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tv   Outside Source  BBC News  January 22, 2019 9:00pm-10:01pm GMT

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hello, i'm ros atkins — welcome to outside source. first to washington. a month on, there is still no deal to end the us up its efforts to shape if and when it happens. we'll have the latest. zimba bwe‘s president's ended a trip to europe — as condemnation grows over a clampdown on the opposition. and hope is fading for the premier league striker emiliano sala. he was aboard a light aircraft that lost contact over the english channel. well, the us government shutdown has reached the one—month mark. here's the senate reconvening earlier, where republican leader mitch mcconnell said that lawmakers would vote this week on president trump's proposal to end the partial shutdown. it's all over the president's desire to build a wall —
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this, a prototype for what the president wants along the border with mexico. as we have discussed many times, thatis as we have discussed many times, that is at the centre of this story. the problem is he says he needs over $5 billion, and the democrats in congress won't sign off the money. that means government funding more generally is paused. and close to 800,000 federal workers aren't being paid. that includes the fbi, who gave a press conference earlier. last night my wife, who is also an agent, and is also my boss, we delivered food to our office for those in need. the fbi family come together in times of crisis. it is truly sad that we must resort to this because we are being let down by our elected officials. this story very much focuses on the
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border in washington but it affects people all over the usa. aleem maqbool has been to boston in massachusetts to speak to others who are affected by the shutdown. from an airport in boston, they're trying to tell washington they're suffering. right now, our nation is being held hostage by our president. air—traffic controllers and airport security officers are among hundreds of thousands who've gone unpaid. it started when donald trump demanded approval for billions of dollars for his border wall, and the democrats refused. no one is budging. today we are here to send a very simple message to washington. open our government and pay our people for the work they do. not far to the west is one of the many federal prisons, where officers are working without pay. some of them voted for donald trump, but the shutdown doesn't discriminate.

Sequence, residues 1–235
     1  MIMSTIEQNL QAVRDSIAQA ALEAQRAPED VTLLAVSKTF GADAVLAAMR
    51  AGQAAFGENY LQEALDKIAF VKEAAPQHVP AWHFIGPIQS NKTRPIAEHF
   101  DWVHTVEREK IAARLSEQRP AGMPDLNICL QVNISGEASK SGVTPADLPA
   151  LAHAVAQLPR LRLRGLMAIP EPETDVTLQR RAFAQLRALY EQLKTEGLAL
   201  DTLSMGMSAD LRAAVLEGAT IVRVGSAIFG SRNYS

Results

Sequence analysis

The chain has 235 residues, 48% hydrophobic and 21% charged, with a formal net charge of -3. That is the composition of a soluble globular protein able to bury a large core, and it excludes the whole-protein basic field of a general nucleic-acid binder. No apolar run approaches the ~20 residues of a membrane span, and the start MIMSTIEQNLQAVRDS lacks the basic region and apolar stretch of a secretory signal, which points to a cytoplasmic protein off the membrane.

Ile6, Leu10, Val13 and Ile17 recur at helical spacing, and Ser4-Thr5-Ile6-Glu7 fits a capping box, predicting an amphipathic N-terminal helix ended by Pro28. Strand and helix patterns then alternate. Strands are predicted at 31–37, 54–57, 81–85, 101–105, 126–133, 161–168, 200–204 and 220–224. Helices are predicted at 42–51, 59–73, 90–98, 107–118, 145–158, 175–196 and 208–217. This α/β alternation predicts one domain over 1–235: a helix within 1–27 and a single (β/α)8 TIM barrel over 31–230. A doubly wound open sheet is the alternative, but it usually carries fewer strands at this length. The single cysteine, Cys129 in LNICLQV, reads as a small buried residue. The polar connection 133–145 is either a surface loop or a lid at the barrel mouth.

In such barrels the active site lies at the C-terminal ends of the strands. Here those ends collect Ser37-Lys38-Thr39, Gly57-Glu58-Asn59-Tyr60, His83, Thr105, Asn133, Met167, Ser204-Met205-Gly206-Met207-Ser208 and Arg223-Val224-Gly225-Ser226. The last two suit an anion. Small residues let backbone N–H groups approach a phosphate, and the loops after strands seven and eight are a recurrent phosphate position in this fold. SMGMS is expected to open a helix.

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we might have some folks that see the border security issue exactly like the president — we'll have folks that don't. but what we all see together is we are pawns in this game, that our livelihood is being used in a political, you know, game of chicken. who's going to pay it first? we all feel like that. and the effects are being felt far beyond just workers not getting their salaries. other business has come to a halt because of the shutdown too. it's kind of scary. molly's worried her government—assisted rent won't be paid, and that she could soon be evicted because of the political deadlock. i'm very, very upset with all of them, on all political spectrums of it. it isjust tit—for—tat, and, you know, enough is enough. you guys have a home, you have security, you know, worth millions of dollars. we have hard—working americans here that, you know,